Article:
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4: What Visual Elements Use in Banner Ads

visual elements use when creating banner ads
5 minutes read

It’s a fact: the human brain processes visual information 60,000x times faster than text. That’s one of the reasons why images can help you build a stronger case and deliver a much more persuasive message in your banner ads.

Visuals are processed 60,000X faster in the brain than text.

The right images can help you get your message across much more effectively while creating an impact on your customer.

Still, how do you choose the best image for your banner ads?

Here are a few tips to guide you through the process.

1. Choose high-quality images

It goes without saying. Using images that are blurry and clear will make your banner ad look amateurish. What’s more, it won’t inspire confidence and consequently, users won’t feel compelled to click on it, no matter how enticing your message is. Avoid this by using professional, crisp and clear images in your banner ads.

Don’t worry if you can’t afford a professional photographer. There are a lot of stock photography websites where you can find good, friendly, relatable images that you can use on your banners.

What’s more, if you’re designing your banners with Creatopy, you have an entire collection at your fingertips.

2. Be relevant, select images that fit the context

The image’s main purpose is to support and reinforce your message.

Once you’ve established your value proposition or once you’ve clearly identified the benefits your product or service offers, look for an image that will support and help you communicate those even more effectively.

For instance, if you’re selling beauty products, feature images of how good your products make people look. Or, if you’re running a promotion, you can use a clock or a times to reinforce the limited time idea.

Still, make sure that you develop a value proposition first and then select the images for your design.

Don’t do this in reverse, even if you’re tempted to, it’s not going to be as efficient.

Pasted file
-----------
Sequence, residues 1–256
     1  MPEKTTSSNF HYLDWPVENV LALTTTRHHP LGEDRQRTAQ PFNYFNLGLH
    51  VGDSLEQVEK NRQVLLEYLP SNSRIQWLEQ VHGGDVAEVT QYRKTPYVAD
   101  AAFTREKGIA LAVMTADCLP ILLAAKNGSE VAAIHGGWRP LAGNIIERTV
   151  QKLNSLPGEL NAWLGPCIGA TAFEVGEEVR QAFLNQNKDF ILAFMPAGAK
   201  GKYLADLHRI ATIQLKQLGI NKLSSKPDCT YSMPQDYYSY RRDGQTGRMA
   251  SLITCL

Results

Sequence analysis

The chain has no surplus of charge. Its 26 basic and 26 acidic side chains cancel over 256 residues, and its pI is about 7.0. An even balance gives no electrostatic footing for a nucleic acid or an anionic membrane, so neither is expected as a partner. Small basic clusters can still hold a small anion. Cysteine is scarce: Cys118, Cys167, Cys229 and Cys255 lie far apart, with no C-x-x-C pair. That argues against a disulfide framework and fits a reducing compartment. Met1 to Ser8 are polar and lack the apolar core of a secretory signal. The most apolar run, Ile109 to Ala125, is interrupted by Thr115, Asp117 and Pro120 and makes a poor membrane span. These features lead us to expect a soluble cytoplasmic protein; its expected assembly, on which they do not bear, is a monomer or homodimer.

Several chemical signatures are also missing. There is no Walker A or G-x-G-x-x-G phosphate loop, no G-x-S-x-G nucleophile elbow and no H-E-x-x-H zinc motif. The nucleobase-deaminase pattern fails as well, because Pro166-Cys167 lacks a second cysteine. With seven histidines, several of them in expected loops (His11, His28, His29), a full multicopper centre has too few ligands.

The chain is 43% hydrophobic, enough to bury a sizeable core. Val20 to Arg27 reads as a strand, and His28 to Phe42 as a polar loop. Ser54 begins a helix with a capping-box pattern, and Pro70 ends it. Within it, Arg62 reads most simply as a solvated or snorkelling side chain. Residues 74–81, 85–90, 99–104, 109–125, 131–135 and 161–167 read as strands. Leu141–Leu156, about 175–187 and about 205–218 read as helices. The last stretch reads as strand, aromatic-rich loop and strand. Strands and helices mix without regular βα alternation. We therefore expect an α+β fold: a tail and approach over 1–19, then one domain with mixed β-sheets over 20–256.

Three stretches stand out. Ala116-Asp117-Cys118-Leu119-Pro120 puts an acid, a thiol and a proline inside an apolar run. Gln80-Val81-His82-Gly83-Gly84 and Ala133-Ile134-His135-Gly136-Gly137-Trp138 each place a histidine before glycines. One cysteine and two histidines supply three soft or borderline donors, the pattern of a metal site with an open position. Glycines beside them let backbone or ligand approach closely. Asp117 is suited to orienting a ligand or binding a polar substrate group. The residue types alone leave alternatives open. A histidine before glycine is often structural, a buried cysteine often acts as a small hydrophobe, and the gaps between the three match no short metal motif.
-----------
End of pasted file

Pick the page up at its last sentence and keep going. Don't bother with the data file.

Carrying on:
3. Think about your target audience

According to the liking principle, people are more likely to respond to people they like. Also, we tend to like people who are similar to ourselves.

People are more likely to respond to people they like

Consider this when you’re selecting images for your banner ads and think about your audience. What are they like? Feature images of people similar to your target audience in your banner designs to be more persuasive.

4. Don’t forget about your brand

Besides your audience, you also need to keep in mind your brand and the personality you want to convey. Select images that work both with your messaging and your branding.

Don’t forget – a brand builds in time, so choose images that are consistent with what you want to stand for to build brand awareness with your audience.

5. Choose good colors and good contrast.

We’ve mentioned this when we discussed color earlier, and it applies to images as well.

Images that have low contrast are very difficult to read. Also, select colors that are appropriate for the context.

For example, if you’re running ads on Facebook, you might want to stay clear of blue images and go with orange instead, it has a higher chance of getting noticed.

6. Use emotion

People are influenced by emotions.

We’re wired for connection and we respond to the things that move us. You can increase your chances of getting noticed and establishing a connection by featuring images that evoke a strong emotion.

As a general rule, positive emotions work better – if possible, choose images of happy people to set a positive tone. You can also use fear, shock to attract attention and send a message for social responsibility campaigns.

7. Choose seasonal or themed images if available.

The human brain is wired to see the things it’s looking for. If we expect to see green and red items in December, we’re going to notice images that feature those colors for Christmas.

Seasonal or themed images set the stage and tell the customer what he can expect. More, it shows that you’re always keeping up to date.

8. Test, test, test.

There are no fixed rules for images. What works for a brand or a company might not work for yours. For instance, text-based images with promotional tags might work for one company, but not necessarily for yours.

Test different versions of your banners with different images to find the type of image that works best for you.

 

Banner Ads Examples

Here are a few banner ads examples that will help you inspire to know how to design your next banner ads for your display ad campaign:

Chapter 1: Advertise For Your Target Audience

Chapter 2: The Anatomy Of A Banner Ad

Chapter 3: Design Principles When Creating Banner Ads

 

Chapter 5: How To Define Value Proposition

Chapter 6: How Important are Colors in Banner Ads?

Chapter 7: The Power Of Call-To-Action In Banner Ads

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